Green Hawthorn

Green Hawthorn - Crataegus viridis
Rose Family (Rosaceae)


Introduction: Green hawthorn is an adaptable, urban-tolerant tree that offers winter interest with its abundant and attractive orange-red fruit. It has pretty red to gold foliage in fall and handsome silver-gray peeling bark that shows orange underneath. Its lower branches need to be pruned in high-traffic areas where clearance is needed to a height of 6 to 8 feet above ground because of the tree's inch-long thorns.
Culture: This tree should be grown in full sun to help minimize its susceptibility to disease. It will adapt to all soil textures and can be grown in alkaline or acidic conditions. It is hardy to Zone 4. Green hawthorn is susceptible to cedar hawthorn rust, although less so than other hawthorns, and should not be grown in areas where eastern red cedar or other junipers are present. Its foliage may be bothered by aphids, borers, lacebugs, caterpillars and leaf miners.


Botanical Information
  • Native habitat: Eastern North America south of Pennsylvania, west to Texas and Iowa.
  • Growth habit: Tree shape is a rounded, symmetrical, upright form.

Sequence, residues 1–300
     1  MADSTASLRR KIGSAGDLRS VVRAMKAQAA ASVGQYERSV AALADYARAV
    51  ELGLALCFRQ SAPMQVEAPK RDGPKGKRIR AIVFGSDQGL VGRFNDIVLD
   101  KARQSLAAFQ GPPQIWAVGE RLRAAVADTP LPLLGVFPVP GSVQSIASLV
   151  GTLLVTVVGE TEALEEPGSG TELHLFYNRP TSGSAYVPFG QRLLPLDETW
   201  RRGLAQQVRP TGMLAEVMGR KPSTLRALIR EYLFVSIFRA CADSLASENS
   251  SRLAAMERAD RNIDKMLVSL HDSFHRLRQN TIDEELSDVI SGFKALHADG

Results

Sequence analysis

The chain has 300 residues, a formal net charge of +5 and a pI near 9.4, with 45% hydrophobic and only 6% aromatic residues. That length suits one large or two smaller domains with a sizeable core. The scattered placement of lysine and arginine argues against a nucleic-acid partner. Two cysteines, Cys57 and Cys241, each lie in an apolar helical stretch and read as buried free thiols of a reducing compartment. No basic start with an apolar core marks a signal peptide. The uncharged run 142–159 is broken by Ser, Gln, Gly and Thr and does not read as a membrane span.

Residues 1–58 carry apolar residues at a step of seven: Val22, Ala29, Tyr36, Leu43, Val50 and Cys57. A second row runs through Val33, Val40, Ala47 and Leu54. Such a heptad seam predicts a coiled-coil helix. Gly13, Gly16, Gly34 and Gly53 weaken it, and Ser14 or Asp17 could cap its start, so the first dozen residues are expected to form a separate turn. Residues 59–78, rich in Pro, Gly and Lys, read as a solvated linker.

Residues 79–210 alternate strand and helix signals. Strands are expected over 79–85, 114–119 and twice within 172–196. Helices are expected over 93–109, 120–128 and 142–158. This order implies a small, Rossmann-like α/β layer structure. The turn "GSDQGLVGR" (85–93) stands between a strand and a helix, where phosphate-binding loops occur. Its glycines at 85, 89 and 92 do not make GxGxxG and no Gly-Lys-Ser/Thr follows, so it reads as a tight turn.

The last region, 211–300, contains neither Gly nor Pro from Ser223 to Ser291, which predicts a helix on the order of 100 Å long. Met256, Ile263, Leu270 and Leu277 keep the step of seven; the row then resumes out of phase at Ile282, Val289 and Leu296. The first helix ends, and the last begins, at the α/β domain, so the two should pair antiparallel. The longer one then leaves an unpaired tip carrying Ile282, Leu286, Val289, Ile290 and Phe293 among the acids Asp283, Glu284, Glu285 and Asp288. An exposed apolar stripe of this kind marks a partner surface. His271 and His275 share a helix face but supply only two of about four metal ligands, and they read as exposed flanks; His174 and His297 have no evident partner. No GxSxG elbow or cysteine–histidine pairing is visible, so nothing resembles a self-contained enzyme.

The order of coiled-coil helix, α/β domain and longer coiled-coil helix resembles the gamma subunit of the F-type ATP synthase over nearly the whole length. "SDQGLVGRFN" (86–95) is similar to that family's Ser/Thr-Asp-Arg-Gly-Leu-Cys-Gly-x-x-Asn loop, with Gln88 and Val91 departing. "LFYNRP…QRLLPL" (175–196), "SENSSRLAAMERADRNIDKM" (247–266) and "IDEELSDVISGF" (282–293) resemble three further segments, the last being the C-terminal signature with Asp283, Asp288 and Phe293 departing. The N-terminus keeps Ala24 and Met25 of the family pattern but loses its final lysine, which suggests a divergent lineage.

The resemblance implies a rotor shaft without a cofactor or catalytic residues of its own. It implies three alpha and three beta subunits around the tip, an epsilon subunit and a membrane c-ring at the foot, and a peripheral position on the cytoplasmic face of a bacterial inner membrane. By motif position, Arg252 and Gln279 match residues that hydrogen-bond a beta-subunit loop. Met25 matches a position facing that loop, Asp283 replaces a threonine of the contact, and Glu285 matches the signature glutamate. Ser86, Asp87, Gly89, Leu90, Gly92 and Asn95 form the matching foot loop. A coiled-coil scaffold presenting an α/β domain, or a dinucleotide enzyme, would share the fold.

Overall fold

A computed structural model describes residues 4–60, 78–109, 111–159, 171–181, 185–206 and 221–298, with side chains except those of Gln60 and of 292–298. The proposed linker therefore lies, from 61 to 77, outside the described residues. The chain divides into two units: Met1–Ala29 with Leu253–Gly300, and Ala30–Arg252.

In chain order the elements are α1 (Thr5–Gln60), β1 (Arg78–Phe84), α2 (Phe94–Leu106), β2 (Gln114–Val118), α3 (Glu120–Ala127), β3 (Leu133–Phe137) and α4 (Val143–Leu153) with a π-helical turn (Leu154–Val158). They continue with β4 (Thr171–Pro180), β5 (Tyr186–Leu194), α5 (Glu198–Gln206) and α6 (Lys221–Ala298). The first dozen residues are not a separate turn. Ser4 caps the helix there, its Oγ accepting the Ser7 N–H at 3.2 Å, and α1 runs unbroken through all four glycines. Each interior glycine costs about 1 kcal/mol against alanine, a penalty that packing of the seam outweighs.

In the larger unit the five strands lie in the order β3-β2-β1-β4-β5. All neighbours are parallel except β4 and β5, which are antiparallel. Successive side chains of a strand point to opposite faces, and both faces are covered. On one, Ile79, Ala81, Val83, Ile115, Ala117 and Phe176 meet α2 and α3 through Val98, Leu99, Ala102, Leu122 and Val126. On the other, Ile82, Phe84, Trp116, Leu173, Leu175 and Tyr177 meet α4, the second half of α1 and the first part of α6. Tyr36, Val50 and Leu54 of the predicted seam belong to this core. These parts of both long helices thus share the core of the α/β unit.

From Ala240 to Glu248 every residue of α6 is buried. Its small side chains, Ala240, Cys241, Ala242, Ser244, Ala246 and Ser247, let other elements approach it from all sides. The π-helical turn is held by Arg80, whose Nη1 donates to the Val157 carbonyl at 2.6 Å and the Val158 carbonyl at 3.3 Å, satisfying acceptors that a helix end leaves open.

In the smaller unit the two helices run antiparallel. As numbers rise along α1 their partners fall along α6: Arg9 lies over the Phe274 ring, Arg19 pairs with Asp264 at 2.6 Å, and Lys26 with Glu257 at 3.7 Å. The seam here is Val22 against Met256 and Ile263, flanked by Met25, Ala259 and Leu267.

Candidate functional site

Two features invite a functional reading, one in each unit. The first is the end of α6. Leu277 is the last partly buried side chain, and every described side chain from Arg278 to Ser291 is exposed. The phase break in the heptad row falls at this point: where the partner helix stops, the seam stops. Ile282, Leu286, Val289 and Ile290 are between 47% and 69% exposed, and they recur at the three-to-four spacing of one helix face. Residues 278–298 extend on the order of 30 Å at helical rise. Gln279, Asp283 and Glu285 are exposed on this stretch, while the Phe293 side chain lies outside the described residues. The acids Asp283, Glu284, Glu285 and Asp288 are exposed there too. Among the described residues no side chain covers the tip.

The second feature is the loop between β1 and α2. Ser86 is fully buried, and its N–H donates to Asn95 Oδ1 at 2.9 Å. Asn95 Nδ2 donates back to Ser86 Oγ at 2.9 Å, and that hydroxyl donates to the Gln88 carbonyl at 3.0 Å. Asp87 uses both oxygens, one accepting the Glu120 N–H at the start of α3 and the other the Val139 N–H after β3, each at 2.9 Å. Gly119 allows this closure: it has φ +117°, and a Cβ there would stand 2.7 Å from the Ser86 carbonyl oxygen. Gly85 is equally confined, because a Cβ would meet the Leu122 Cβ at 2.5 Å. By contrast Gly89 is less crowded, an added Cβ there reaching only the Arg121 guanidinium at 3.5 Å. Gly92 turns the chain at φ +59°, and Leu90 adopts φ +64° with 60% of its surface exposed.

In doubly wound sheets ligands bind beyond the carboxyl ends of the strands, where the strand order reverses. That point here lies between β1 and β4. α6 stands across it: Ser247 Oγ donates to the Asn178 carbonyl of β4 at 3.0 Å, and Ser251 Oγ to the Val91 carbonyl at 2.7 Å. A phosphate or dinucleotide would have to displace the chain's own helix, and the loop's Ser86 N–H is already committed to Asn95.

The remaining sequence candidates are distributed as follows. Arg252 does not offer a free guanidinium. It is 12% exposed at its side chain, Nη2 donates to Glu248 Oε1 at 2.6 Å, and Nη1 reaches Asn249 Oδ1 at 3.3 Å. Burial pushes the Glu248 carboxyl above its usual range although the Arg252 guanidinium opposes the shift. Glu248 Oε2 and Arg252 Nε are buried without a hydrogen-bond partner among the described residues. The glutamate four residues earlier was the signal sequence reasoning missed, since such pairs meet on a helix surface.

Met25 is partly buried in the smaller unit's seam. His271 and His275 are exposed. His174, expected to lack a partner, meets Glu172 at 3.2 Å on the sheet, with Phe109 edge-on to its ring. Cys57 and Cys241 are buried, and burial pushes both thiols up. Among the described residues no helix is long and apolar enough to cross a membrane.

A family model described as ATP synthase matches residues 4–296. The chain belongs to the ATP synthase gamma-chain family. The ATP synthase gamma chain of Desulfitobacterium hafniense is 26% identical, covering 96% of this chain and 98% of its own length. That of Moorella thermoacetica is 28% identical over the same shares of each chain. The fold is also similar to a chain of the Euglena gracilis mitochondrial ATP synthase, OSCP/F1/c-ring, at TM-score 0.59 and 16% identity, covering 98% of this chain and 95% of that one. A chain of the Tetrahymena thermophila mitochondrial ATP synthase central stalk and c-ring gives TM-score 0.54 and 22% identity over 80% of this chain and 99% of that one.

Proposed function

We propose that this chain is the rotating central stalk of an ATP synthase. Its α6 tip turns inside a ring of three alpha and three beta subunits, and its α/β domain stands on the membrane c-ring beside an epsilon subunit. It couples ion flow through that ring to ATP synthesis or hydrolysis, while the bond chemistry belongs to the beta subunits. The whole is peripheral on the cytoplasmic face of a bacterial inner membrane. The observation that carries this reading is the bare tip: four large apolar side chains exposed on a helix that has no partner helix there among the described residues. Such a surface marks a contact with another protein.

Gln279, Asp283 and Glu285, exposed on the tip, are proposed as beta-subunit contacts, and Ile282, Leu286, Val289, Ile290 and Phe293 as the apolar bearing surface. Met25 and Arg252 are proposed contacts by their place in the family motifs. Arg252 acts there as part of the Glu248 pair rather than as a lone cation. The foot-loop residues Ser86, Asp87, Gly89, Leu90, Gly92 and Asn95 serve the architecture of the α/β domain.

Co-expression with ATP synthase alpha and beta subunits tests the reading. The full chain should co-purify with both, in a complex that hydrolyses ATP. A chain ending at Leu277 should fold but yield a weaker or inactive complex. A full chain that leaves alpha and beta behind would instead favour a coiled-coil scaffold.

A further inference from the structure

• Tree size: This tree grows to an average height of 20 to 30 feet with a similar spread. It has a moderate growth rate and a moderate to long life span.
  • Flower and fruit: Flowers are 3/4-inch in diameter with five white petals and grow in 2-inch clusters. The fruit is less than half an inch in diameter, round, fleshy, abundant, orange to red and persists in winter.
  • Leaf: This tree has dark green foliage in summer that changes to red to gold in fall. Leaves are simple, alternate and 1 to 2 inches long.
  • Hardiness: Winter hardy to USDA Zone 4.



'Winter King' is an excellent landscape plant and is used in place of the species. It is superior in flower and fruit production.Winter King hawthorn is very dense, thus it is well-suited for use as a hedge. The ‘Winter King' cultivar was introduced in 1955. The cultivar is usually grafted onto Washington hawthorn rootstock.


Related species:

There are numerous hawthorn species available in the nursery trade. The most common species include C. crus-galli, C. x lavallei, and C. phaenopyrum.

Additional information:
Green hawthorn (Crataegus viridis) was discovered by John Clayton, clerk of the court in Gloucester, Va., near Norfolk in the 18th century. Clayton sent the tree to Linnaeus for identification. Linnaeus included it as one of three North American hawthorns in his Species Plantarum in 1753.

Print fact sheet